Biden Says He Aims To ‘Keep The Peace’ On Trip To Ireland

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Diana Glebova White House Correspondent
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President Joe Biden said Tuesday that his top priority on his trip to Ireland is to “keep the peace” in Northern Ireland.

Biden made the remarks before departing for a four-day trip to the United Kingdom and Ireland.

The number one priority of the trip is to “make sure the Irish accords and the Windsor agreement stay in place, to keep the peace.  That’s the — that’s the main thing.  And it’s look like we’re going to — keep your fingers crossed,” Biden told reporters.

He is set to meet with Prime Minister Rishi Sunak of the United Kingdom, President Michael Higgins of Ireland and Taoiseach Leo Varadkar of Ireland, and is scheduled to make remarks about the 25th anniversary of the Belfast/Good Friday Agreement. (RELATED: Not A ‘Snub’: White House Refuses To Say Why Joe Biden Is Not Going To King Charles’ Coronation)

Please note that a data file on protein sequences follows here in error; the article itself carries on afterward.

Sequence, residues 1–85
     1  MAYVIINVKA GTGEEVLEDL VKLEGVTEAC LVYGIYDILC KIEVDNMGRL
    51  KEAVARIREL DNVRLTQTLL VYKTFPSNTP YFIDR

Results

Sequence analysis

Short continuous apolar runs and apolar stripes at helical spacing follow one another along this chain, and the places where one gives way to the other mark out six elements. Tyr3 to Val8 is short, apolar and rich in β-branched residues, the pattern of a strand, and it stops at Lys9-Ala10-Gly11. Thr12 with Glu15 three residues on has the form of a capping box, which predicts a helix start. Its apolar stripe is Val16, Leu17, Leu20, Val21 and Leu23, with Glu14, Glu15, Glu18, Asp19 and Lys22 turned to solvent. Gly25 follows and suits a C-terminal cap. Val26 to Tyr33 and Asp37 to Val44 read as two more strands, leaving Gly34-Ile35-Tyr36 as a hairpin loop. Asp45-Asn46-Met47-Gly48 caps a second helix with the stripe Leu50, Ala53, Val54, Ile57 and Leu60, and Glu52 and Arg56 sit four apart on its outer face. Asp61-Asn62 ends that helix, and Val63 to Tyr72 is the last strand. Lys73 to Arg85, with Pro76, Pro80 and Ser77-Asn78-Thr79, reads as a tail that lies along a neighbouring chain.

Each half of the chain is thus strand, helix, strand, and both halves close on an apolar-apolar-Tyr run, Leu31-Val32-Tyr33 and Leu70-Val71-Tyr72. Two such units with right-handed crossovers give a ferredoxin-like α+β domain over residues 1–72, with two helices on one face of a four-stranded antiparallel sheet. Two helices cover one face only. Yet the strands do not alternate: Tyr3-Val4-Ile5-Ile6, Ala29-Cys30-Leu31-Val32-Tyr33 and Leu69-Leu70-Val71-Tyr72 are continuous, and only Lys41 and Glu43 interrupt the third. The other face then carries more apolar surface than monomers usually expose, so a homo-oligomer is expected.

“President Biden cares deeply about Northern Ireland and has a long history of supporting peace and prosperity there. As a U.S. senator, Joe Biden was an advocate for how the United States can play a constructive role supporting peace,” White House National Security Council spokesman John Kirby said.

US President Joe Biden speaks to the press before boarding Air Force One, as he departs for Northern Ireland, at Joint Base Andrews in Maryland on April 11, 2023. (Photo by Jim WATSON / AFP) (Photo by JIM WATSON/AFP via Getty Images)

The trip will also be an opportunity for Biden, who has Irish roots, to get further acquainted with his ancestry. He intends to visit County Louth, where his ancestors lived before moving to America, and will deliver remarks at St. Muredach’s Cathedral, which his great-great-great-grandfather Edward Blewitt sold 27,000 bricks to in 1827, Kirby said.

“Those bricks were used to construct and support the great cathedral and helped Edward afford to buy tickets for himself and for his family to sail together to America decades later in 1851,” Kirby added.

Tensions spiked in Northern Ireland over the Easter weekend after petrol bombs were thrown at a parade commemorating the 1916 Easter Rising.